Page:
William Shakespeare is suspected to have written the plot of the Indian team’s World Cup journey.
The defining feature of a Shakespeare tragedy, which India’s world cup turned out to be after a heart-breaking loss in the semi-finals on Wednesday, is a fatal flaw in the major character of the story. As the story builds up, we can all sense that one day the flaw would lead to a tragic denouement, bringing about a calamitous ending. But, we keep hoping that somehow the imperfection would be concealed, wouldn’t surface at a wrong moment. We keep praying that the vulnerability would never be exposed to a fatal blow.
Othello’s problem was jealousy. Hamlet’s tragic flaw was his inability to act. And India, unfortunately, had a fragile middle order.
From the day the tournament began, there were serious question marks over India’s number 4, 5 and 6. It was argued that India had gone to the world cup with just three-and-a-half batsmen: Rohit Sharma, Shikhar Dhawan and Virat Kohli making up the top three; Hardik Pandya making up the rest.
This fragility down the order was exposed, ironically, in a practice game against New Zealand. Batting under overcast conditions on a pitch that helped the ball deviate off the seam, the New Zealand fast bowlers picked out the Indian batsmen like sharpshooters, with ease and without any collateral damage.
Trent Boult ripped open the Indian top order—Rohit 2, Shikhar 2, KL Rahul 6—within no time. And once Kohli fell for 18, the middle order collapsed like a beach city hit by a tsunami. But, we ignored it.
There were worrying signs again, and again. First, Dhawan was gone, injured in the match against Australia. Then, India struggled every time Rohit fell early—against Afghanistan, against West Indies. And, we almost always faltered or slowed down during the final stages of the innings. But, we overlooked it, distracted by Rohit’s brilliance and the Indian team’s bowling ability to defend low scores.
The problem with a tragedy is that it strikes at the worst possible time, on occasions when the stakes have piled up to make a loss almost unbearable, the impact more painful. (That’s precisely why it is called a tragedy). Unfortunately, India’s brittle middle order got exposed in a knock-out game, in a chase that, on any other day, would have been a walk in the Old Trafford Park.
Rohit fell to his usual nemesis, his own personal fatal flaw, in yet another nervous start. At the beginning of the innings, Rohit rarely makes decisive foot movement in the crease. To balls pitched full and outside the off stump, he often offers an angled bat, creating opportunities for the slip cordon and the wicket-keeper. If the opposition accepts this early chance, Rohit perishes early. If the chance is dropped, Rohit goes on to play a monster innings. On Wednesday, he nicked one to the grateful New Zealand ‘keeper’.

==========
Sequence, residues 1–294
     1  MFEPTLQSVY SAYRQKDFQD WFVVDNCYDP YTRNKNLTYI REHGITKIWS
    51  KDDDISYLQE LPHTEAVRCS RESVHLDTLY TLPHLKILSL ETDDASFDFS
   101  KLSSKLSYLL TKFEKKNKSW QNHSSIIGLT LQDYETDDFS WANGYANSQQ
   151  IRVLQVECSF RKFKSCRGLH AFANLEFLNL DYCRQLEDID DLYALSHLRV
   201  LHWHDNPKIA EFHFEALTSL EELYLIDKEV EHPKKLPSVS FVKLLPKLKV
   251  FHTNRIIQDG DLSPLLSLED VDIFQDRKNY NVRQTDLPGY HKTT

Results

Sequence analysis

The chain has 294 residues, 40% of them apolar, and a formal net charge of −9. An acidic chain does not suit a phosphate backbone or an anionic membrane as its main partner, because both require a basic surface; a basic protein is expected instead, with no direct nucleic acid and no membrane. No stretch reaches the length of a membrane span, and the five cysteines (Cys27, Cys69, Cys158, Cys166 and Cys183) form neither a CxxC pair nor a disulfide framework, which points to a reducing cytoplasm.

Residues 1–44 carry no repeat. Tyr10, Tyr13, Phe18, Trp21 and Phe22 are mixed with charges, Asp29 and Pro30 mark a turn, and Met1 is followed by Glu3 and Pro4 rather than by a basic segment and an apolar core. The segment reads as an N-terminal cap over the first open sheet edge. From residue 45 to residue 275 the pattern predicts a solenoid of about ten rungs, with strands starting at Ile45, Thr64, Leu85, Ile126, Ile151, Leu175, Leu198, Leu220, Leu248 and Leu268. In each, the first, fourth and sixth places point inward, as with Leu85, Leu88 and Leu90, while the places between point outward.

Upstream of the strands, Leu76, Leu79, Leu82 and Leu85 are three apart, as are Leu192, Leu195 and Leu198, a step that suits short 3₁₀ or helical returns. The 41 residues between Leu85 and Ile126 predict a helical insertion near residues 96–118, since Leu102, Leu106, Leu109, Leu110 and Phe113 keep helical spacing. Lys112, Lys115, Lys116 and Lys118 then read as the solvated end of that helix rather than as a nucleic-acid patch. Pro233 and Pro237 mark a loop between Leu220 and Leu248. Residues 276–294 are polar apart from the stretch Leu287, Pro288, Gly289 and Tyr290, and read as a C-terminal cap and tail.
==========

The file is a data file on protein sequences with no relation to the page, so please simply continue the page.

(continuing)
Kohli, well this could be controversial, is turning out to be some sort of enigma in crunch matches. So far he has appeared in three world cup semi-finals. Not once in these three innings has he hit double figures. Pressure? Coincidence? Or just plain bad luck?
Against New Zealand he was beautifully set up by Trent Boult. Aware of Kohli’s weakness for balls angling away, heading towards the slips, Boult made two swerve away from the Indian captain. And then, as Kohli tried to compensate for the away balls by shuffling towards the off stump, Boult brought one in. With Kohli trapped on the middle stump, India’s weakness was exposed.
It is said about Ravindra Jadeja—Sir Jadeja actually for his valiant fight in the semi-final—that he loves to ride horses at his farmhouse in Gujarat. He considers himself a sort of a knight, with the bat as his sword. So, when Jadeja twirled his bat in the hand after a half-century, it seemed the knight would turn India’s saviour.
Unfortunately, he was thwarted by another of India’s tragic flaws: Mahendra Singh Dhoni’s reluctance to hit big till the last over. You can argue that Dhoni was intent on holding his end, aware that his fall would be the end of the match. But, with the asking rate in excess of 10, with Dhoni content on taking the game deep, Jadeja had just one option: Hit or perish.
The template for a chase that requires a bit of daredevilry was set, ironically, against India by Bangladesh just a few days ago. With its top order gone, the asking rate in excess of 9 per over, Sabbir Rahman and Mohammad Saifuddin went hell for leather, launching a fierce counterattack that almost won Bangladesh the game. It told India, especially after their tame surrender to England, that impossible is nothing if the batsmen are ready to take risks and put their fears and insecurities away.
They reminded India that it takes two to tango. And, as Al Pacino said in ‘Scent of a Woman’, when you get tangled, just tango on. Against New Zealand, when India needed two to do the job, only Jadeja was ready to dance, all others got tangled and stumbled.
Every tragedy brings in its wake the wisdom of hindsight. The mind relives the event, the unwanted denouement and thinks of the opportunities that could have helped change the ending to a happy one. India’s World Cup has several if-only regrets.
If only Dhawan were still around. If only the Number 4 question were settled. If only Dhoni could bat like yesterday.
If only Shakespeare had not scripted a story around India’s fatal flaw.